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How to Deal

Lessen the Impact of a Layoff on Surviving Employees

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By Lily Garcia
Special to washingtonpost.com
Thursday, April 9, 2009; 12:00 AM

Have you done an article or talked about helping supervisors know how to handle the survivors and promote positive morale and minimize negativity?

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Minimizing the negative impact of layoffs on survivors begins with the way in which the layoffs are managed. If the leaders of your organization treat departing employees with sensitivity and respect, and if they convey a clear, consistent, and honest message about the layoffs, then you will have an easier time helping the remaining employees move on and thrive.

Your organization must have a clear and reasonable business justification for the layoffs that is openly communicated throughout the organization. Part of the message must be that other less disquieting options have been exhausted and that layoffs are being invoked as a tool of last resort. Employees need to know that the organization appreciates the devastating impact that the loss of a job can have on a person and that the decision was not made lightly.

Someone on your senior management team needs to take personal responsibility for having made the final decision to proceed with layoffs. Saying, "I decided to proceed with layoffs" inspires more trust than, "The decision has been made to proceed with layoffs." People will be able to process the news more easily if they are not frustrated by their inability to ask questions directly of the decisionmaker.

How you treat departing employees speaks volumes to those who remain about how they can expect to be treated under similar circumstances. Hopefully, your organization has been generous, making sure that departing employees are offered some type of transition assistance, even if money is tight. When hefty severance checks are not an option, organizations can still offer such valuable aid as outplacement assistance, a letter of reference, and continuation of health care coverage for some period of time.

Psychologists have coined the term "survivor syndrome" to describe the complex feelings of anger, fear, depression, and guilt that often vex those who remain employed following a layoff. It is beyond your role or abilities as a manager to address the serious emotional issues of your employees, but you can help them by offering information on resources at their disposal. For example, your organization might participate in employee assistance plan (or "EAP") that provides a certain number of free confidential counseling sessions to address short-term psychological issues, as well as referrals for issues that require longer term attention.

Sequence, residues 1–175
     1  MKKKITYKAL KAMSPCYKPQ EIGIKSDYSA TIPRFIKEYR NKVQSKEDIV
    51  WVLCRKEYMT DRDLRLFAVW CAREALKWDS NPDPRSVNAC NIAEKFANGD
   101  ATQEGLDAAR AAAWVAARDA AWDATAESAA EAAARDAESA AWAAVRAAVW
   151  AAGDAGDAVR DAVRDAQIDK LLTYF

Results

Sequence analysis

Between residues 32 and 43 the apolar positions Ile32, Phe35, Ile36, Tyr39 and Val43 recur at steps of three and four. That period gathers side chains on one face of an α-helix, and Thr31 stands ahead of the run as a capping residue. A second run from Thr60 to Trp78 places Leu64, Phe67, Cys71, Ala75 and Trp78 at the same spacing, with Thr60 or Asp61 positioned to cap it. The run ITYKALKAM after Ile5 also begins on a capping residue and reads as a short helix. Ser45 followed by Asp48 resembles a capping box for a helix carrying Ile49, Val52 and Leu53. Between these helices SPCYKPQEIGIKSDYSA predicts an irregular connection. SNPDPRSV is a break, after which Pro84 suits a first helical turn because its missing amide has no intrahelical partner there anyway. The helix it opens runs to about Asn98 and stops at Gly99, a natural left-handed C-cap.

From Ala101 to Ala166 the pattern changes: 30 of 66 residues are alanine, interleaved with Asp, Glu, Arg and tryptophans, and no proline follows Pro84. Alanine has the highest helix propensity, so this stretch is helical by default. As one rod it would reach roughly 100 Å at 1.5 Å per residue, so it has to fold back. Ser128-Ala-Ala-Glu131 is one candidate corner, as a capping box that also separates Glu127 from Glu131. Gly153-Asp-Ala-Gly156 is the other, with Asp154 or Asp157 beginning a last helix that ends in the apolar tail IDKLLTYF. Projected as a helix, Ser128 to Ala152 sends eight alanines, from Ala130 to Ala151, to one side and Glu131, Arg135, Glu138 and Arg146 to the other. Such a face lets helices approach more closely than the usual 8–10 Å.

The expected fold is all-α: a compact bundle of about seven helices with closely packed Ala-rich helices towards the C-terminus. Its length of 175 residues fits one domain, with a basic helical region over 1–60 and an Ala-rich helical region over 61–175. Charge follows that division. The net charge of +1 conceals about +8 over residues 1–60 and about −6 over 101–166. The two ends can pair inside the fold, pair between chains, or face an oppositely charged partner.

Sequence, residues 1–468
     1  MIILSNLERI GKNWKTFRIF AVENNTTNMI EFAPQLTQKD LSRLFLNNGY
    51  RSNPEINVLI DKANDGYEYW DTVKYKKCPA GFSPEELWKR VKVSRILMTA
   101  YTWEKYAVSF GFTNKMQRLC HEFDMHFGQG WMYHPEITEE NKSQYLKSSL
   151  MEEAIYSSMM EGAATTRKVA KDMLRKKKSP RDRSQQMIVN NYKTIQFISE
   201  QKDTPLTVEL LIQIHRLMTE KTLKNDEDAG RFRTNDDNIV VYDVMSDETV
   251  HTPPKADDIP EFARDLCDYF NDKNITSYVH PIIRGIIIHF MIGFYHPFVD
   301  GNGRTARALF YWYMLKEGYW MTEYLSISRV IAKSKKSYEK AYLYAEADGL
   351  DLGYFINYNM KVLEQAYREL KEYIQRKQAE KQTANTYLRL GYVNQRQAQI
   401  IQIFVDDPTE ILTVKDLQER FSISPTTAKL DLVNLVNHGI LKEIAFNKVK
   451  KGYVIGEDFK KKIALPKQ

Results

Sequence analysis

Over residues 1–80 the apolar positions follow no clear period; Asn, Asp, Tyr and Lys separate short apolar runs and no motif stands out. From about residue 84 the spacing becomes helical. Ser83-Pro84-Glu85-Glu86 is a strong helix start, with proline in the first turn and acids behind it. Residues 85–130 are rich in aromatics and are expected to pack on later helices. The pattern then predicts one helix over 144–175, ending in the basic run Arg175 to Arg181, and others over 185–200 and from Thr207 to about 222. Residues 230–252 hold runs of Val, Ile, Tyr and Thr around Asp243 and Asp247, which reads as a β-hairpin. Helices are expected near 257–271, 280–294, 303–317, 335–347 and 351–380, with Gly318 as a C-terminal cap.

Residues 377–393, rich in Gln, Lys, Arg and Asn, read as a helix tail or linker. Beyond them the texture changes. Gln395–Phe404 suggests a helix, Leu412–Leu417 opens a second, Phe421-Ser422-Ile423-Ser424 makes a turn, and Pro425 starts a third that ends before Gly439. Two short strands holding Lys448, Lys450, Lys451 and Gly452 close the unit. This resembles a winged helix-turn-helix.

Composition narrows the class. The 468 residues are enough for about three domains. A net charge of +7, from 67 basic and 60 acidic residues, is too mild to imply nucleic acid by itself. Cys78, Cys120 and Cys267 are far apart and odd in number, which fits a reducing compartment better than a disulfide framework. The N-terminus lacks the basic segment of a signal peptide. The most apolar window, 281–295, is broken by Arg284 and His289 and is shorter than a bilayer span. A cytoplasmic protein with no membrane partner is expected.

In general, you can buoy the morale of your workers by adopting two important behaviors: show appreciation and communicate openly. Showing appreciation means acknowledging the contributions of your employees at a time of high stress and limited resources. In addition to the layoffs, your organizations might have frozen or cut salaries and done away with many of the perks that employees enjoyed. Perhaps the parking is no longer subsidized; perhaps the budget for team outings has been cut. These things might seem small, but they add up and they do have an impact on the quality of a person's work life. Tell your employees that you understand what they are going through, which you probably do, and that you are thankful that they still show up, try to maintain a positive attitude, and put in an honest day's work. Showing appreciation also means investing in the professional growth of your employees. You might not have the budget for expensive trainings, but you can still spend one-on-one time mentoring your employees, discussing their goals, and mapping out career plans.

Open communication does not mean saying that you have an "open door" policy and then settling into your Aeron chair to wait for customers. Communication means taking active steps to help allay your employees' fears about the future of the organization and their jobs. Your senior management team might not be forthcoming with information about the organization's financial health and their ongoing plans for weathering the tough economy. If so, you should take it upon yourself to gather as much data as you can and provide your own regular updates to your employees. The truth might be that the future of the organization remains uncertain and that you do not know whether more layoffs are possible. If so, this is still an important message for your employees to hear, albeit one that should be conveyed responsibly and consistently to avoid instigating rumors or causing panic. Clear your message with your supervisor first to make sure that you are not contradicting the views of your senior leadership and that you are not about to share any information that is confidential or restricted to certain staff members.

It might seem counterintuitive as a motivational technique to tell your employees that things will be bad for a while, and that they might even get worse. But this is what you must do if you want to build trust and demonstrate respect. Long after the economic crisis has passed, your employees will remember that you were supportive and honest at a time when it was tempting to spin or garnish the truth.

Lily Garcia has offered employment law and human resources advice to companies of all sizes for more than 10 years. To submit a question, e-mail HRadvice@washingtonpost.com. We reserve the right to edit submitted questions for length and clarity and cannot guarantee that all questions will be answered.




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